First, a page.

JERUSALEM (RNS) This holy city, home to three monotheistic faiths, is no stranger to religious tensions. One locale, however, stands above the rest.
Known to Jews as the Temple Mount and to Muslims as the Haram As-Sharif (the Noble Sanctuary), the most sensitive site in this most sensitive of cities is buffeted by a growing chorus of Israelis demanding their government allow Jewish worshippers access to the site, and thereby reverse decades of political and religious precedent.
Miri Regev, a parliamentarian from the ruling Likud Beitenu party, has held several hearings on the issue during the past several months. One such hearing degenerated into a heated argument between right-wing Jewish parliamentarians and Israeli-Arab representatives who eventually stormed out.
“Every citizen of the State of Israel should be allowed to pray in the places holy to them, whether they are a Muslim, a Jew, or a Christian,” Regev said.
Israeli-Arab parliamentarians countered, claiming Regev and other parliamentarians were “pyromaniacs,” playing with fire around an issue “that could lead to a conflagration.”
According to Jewish tradition, the Temple Mount was the site of the Jewish temple, destroyed by the Romans in A.D. 70. The Western Wall, Judaism’s holiest site today, is believed to be the last of the ancient temple’s massive retaining walls. Perched directly above the Western Wall is the Al-Aqsa Mosque as well as the Dome of the Rock, a gold-colored gem that dominates Jerusalem’s skyline and is, according to tradition, the place where Mohammad ascended to heaven.
During the 1967 war, Israel seized East Jerusalem and with it the Old City and the holy sites. Since then, the Israeli government has ensured relatively open access to people of all faiths — Jews, Muslims, and Christians. This openness is now being used by some Israeli Jews to gain legal access to the Temple Mount.
Concerns about how the site is handled are well founded. The Temple Mount/Al-Aqsa Mosque compound is the scene of sporadic riots by Muslim worshippers targeting the Israeli security presence there, as well as the Jewish worshippers below.
When Ariel Sharon visited the site in 2000 as Israel’s opposition leader, he helped spark the Second Intifada (“uprising”), referred to by Palestinians as the “Al-Aqsa Intifada.” The opening by Israeli authorities of archeological tunnels under the Temple Mount in 1996 led to widespread clashes in the West Bank and the deaths of more than a dozen Israeli soldiers and scores of Palestinians. In the 1980s, Israeli authorities arrested an underground Jewish terrorist cell that was planning to blow up the Dome of the Rock.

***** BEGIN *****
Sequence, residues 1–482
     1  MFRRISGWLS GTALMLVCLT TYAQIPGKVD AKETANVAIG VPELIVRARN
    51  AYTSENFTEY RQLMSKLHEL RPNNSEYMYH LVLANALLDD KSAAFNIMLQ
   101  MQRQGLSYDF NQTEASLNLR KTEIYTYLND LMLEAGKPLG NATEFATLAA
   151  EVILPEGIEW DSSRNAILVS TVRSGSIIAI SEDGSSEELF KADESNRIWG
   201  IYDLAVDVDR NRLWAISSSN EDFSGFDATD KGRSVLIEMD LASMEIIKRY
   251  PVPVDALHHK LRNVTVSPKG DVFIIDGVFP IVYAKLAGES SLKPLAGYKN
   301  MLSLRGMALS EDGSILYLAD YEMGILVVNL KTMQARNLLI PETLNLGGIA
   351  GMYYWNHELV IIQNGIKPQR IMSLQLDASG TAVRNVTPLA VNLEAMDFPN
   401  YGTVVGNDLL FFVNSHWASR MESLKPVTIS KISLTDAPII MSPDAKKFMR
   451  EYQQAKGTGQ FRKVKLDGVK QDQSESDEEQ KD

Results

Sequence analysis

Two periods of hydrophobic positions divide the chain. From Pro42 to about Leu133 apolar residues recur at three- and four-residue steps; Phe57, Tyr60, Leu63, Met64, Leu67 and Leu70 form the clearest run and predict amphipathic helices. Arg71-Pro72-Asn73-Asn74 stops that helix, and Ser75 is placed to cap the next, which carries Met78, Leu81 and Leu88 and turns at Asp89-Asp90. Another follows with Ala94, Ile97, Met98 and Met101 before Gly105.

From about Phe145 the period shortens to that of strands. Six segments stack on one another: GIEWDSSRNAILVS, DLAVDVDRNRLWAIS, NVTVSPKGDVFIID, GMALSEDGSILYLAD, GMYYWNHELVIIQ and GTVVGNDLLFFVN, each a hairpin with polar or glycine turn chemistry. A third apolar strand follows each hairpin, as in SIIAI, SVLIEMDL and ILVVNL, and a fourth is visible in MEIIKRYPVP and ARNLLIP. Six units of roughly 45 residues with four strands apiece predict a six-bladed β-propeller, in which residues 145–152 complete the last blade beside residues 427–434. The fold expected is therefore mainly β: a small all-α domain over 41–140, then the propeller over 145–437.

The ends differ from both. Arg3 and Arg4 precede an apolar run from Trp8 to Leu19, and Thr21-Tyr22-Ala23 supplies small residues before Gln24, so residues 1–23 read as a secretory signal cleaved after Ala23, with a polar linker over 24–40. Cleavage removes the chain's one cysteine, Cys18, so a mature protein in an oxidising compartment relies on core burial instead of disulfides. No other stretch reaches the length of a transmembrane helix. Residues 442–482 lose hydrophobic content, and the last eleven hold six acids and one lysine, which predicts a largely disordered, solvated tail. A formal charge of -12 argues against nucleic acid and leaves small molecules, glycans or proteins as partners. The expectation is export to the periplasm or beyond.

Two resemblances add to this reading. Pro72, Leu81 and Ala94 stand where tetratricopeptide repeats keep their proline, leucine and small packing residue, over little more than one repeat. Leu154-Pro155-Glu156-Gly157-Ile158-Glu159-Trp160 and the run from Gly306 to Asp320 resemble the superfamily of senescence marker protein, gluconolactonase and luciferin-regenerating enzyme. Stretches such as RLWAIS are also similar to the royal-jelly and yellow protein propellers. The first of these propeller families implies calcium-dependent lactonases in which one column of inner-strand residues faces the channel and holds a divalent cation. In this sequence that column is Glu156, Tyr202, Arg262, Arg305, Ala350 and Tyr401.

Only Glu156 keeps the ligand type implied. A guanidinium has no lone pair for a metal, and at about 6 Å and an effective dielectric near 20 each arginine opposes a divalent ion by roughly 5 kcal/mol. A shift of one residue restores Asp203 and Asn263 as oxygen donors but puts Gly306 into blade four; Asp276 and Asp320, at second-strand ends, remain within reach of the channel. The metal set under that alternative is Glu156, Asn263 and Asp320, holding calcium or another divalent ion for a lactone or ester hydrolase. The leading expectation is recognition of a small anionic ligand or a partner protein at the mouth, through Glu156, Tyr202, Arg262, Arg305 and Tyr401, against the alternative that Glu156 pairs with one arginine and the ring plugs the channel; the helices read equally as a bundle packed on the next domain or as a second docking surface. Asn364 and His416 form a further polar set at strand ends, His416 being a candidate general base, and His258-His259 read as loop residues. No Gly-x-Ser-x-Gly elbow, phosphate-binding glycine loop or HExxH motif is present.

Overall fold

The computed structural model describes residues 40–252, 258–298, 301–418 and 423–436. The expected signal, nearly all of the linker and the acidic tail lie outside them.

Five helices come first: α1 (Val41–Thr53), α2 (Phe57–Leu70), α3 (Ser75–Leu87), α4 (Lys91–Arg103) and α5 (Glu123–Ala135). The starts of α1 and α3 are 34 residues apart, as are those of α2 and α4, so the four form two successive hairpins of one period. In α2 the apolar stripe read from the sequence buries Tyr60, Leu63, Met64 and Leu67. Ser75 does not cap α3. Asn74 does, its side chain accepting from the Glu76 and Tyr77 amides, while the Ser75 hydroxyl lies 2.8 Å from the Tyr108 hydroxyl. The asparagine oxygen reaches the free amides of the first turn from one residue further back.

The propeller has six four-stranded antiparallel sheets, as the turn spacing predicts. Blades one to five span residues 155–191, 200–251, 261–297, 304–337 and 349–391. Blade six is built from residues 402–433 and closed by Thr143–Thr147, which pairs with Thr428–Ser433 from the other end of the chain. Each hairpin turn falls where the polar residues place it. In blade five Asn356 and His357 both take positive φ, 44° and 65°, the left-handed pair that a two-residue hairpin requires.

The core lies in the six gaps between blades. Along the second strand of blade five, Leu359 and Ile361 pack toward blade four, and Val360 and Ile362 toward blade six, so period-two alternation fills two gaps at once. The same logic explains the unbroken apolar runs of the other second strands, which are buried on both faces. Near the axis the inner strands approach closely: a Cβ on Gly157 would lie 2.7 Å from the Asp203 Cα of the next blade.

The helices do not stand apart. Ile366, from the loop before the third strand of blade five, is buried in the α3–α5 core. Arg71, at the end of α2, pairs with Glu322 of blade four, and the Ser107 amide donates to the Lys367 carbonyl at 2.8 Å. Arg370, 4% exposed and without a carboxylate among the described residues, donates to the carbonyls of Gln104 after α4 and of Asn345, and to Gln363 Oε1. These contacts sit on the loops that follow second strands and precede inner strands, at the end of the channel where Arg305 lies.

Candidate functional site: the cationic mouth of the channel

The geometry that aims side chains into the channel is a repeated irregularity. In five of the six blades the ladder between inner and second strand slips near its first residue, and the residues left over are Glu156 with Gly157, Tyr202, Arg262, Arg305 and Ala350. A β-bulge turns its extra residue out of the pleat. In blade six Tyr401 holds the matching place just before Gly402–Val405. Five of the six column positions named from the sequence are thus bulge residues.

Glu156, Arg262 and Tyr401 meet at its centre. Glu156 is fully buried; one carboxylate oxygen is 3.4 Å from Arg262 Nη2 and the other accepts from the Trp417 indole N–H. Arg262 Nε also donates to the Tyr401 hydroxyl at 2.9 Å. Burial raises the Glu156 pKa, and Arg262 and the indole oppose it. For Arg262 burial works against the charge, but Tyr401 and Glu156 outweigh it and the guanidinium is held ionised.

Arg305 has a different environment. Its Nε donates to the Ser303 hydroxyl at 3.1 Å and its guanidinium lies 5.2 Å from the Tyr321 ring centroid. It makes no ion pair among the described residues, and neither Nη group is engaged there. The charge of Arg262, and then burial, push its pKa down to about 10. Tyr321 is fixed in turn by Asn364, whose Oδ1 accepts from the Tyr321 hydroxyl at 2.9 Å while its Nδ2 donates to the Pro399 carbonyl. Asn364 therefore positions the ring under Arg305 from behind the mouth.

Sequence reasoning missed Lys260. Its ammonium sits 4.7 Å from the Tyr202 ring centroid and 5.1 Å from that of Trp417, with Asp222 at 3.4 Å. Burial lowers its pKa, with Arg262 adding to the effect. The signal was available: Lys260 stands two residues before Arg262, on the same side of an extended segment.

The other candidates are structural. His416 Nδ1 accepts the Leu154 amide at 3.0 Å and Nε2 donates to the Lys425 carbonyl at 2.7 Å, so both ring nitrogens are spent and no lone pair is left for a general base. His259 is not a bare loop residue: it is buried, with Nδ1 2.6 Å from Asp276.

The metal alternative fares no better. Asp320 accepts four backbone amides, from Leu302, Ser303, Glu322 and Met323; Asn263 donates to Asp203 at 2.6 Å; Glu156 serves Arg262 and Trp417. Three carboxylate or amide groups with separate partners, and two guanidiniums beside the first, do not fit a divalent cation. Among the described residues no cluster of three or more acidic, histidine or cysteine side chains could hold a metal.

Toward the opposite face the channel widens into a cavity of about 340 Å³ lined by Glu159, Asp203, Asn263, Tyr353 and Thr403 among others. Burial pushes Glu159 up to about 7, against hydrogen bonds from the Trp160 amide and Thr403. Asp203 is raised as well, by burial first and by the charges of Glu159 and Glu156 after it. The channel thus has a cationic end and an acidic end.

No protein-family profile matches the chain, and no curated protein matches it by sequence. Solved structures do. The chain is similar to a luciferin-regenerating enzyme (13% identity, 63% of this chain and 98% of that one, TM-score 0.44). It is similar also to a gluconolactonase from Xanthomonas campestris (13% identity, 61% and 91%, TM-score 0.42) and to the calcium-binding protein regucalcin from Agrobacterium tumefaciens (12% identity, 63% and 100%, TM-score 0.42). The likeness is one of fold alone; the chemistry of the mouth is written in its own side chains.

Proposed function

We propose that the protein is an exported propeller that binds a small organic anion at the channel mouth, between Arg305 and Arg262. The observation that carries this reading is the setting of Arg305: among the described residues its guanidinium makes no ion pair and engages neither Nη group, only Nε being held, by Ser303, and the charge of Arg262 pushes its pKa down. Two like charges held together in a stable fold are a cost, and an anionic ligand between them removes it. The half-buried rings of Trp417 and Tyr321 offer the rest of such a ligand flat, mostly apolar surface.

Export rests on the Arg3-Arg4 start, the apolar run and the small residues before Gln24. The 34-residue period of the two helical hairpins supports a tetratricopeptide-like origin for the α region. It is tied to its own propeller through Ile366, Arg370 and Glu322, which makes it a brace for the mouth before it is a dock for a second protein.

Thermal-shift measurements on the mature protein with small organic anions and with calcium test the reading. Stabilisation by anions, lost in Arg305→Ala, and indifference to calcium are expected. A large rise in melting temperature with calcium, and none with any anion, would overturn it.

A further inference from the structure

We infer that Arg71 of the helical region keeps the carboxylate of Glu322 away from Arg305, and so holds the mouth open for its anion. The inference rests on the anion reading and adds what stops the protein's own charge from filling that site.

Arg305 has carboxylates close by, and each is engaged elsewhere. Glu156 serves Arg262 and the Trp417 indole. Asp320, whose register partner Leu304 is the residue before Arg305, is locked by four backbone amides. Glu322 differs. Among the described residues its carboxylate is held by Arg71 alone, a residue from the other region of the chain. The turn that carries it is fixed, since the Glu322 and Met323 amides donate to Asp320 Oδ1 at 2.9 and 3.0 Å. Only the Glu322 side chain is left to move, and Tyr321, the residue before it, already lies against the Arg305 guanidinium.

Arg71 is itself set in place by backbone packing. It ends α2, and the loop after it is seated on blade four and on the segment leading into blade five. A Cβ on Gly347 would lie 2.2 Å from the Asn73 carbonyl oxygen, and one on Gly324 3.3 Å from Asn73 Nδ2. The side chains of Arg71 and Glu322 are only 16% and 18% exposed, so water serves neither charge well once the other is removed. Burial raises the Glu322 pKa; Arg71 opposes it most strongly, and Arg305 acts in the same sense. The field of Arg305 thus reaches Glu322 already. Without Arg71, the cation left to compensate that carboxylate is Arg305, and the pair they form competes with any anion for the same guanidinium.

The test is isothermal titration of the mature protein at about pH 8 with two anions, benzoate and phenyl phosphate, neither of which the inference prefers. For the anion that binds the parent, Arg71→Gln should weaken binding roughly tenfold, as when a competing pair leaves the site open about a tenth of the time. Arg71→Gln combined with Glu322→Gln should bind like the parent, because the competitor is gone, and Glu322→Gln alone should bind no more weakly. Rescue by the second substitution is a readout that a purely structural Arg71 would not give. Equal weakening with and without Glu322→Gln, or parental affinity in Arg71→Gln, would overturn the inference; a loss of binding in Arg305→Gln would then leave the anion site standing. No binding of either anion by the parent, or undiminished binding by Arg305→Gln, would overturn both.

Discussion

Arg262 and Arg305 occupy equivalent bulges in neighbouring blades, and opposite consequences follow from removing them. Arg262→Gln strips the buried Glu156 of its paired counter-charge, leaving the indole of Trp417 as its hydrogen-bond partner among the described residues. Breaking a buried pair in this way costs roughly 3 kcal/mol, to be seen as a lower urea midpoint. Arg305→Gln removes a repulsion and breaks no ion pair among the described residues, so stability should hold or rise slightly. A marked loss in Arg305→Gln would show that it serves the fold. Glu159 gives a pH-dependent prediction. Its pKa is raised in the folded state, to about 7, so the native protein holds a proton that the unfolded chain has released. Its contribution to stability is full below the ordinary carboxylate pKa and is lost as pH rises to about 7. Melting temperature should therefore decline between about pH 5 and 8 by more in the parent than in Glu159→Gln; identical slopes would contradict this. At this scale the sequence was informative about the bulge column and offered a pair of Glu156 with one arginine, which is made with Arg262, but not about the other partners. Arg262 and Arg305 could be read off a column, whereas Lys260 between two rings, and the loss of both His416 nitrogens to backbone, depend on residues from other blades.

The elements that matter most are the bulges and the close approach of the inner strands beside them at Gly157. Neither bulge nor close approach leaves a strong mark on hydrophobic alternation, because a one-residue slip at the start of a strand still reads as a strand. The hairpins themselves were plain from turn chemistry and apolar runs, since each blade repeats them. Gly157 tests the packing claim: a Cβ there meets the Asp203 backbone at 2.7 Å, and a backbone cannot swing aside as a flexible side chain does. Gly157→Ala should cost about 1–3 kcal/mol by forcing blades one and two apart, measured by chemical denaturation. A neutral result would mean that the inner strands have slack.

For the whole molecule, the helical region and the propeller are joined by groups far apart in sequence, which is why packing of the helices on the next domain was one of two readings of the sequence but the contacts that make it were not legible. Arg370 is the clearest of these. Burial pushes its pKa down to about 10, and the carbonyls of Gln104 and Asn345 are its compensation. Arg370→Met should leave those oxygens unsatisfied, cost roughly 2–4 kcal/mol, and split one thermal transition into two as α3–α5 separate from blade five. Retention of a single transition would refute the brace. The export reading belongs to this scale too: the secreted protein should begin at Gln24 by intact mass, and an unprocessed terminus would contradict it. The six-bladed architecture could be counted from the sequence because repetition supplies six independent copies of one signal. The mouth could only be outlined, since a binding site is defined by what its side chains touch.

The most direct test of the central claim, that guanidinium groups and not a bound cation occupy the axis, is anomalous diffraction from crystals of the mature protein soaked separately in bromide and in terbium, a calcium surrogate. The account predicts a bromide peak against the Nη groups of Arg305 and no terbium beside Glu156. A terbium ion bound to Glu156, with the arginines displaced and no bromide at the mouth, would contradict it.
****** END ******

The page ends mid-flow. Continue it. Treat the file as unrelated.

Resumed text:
Muslim authorities say any talk of allowing Jewish worship on the Temple Mount is a provocation that would undo the status quo.
“Jews don’t have a right over one gram or centimeter,” said Mahmoud Abu Atta, spokesman for the Al-Aqsa Institute for the Preservation of the Trust and the Heritage. “If they try to change past agreements — to divide Al-Aqsa — there will be a religious war in the entire world.”
For their part, Jewish pressure groups, both within government and outside, claim they only want a small area in the Temple Mount courtyard set aside for Jewish worship. The problem they face, however, is not political or security-related, but religious.
Israel’s Chief Rabbinate, responsible for all religious decrees touching on state institutions, has ruled that Jewish prayer on the Temple Mount is forbidden according to Jewish law. The ruling has to do in large part with its location as the resting place of what Jews consider the Divine Presence, the “Holy of Holies.”
Rabbi Eliyahu Ben Dahan, the deputy minister for religious services from the pro-settler Jewish Home party, recently petitioned the Chief Rabbinate to reconsider.
“I have asked the Chief Rabbinate to recognize the reality that there’s a growing public [in Israel] that has its own rabbis . . . that allow them to go up to the Temple Mount,” Ben Dahan has said.
Such rabbis overwhelmingly hail from the religious-nationalist stream of Orthodox Judaism, considered close to the settler movement.
“The Chief Rabbinate isn’t the sole authority,” an aide to Ben Dahan said.
Observant right-wing Jews continue to visit the Temple Mount on a regular, if limited, basis. Hundreds of foreign tourists and non-Muslim Israelis are allowed to visit the site monthly, according to the Israeli national police.
But Israeli police officers securing the Temple Mount complex uphold the ban on any form of (non-Muslim) worship, although zealot activists often clandestinely recite prayers under their breath. Such acts, and the growing public debate over allowing Jewish worship at the site — and with it militant Islamic voices in Israel calling on the faithful “to defend Al-Aqsa” — have increased tensions.
The fear, according to Nidal Othman of the Mosawa Center for the Rights of Arab Citizens of Israel, is not that the ban on Jewish prayer will be overturned. For that to happen, the Chief Rabbinate, the Ministry of Religious Services and a host of other government agencies will need to be consulted, including the Prime Minister’s Office and the Justice Ministry.
Moreover, as Othman said, the “international community would never allow it.” Jordan has historic “custodianship” of the Al-Aqsa Mosque. Futhermore, East Jerusalem — including the Old City — is deemed by international law to be occupied territory, subject to peace negotiations with the Palestinians.
“The real fear,” says Othman, “is that there are people on the extreme [Israeli] right who are trying to draw attention to the issue and inflame the ground, for political gain.” As past events have shown, all it would take is one incident on the Temple Mount/Al-Aqsa Mosque compound for things to spiral out of control, he says.
“Such actions are a threat to public safety that could endanger lives — Jewish, Muslim, and Christian,” Othman adds wistfully. “Even their own children’s.”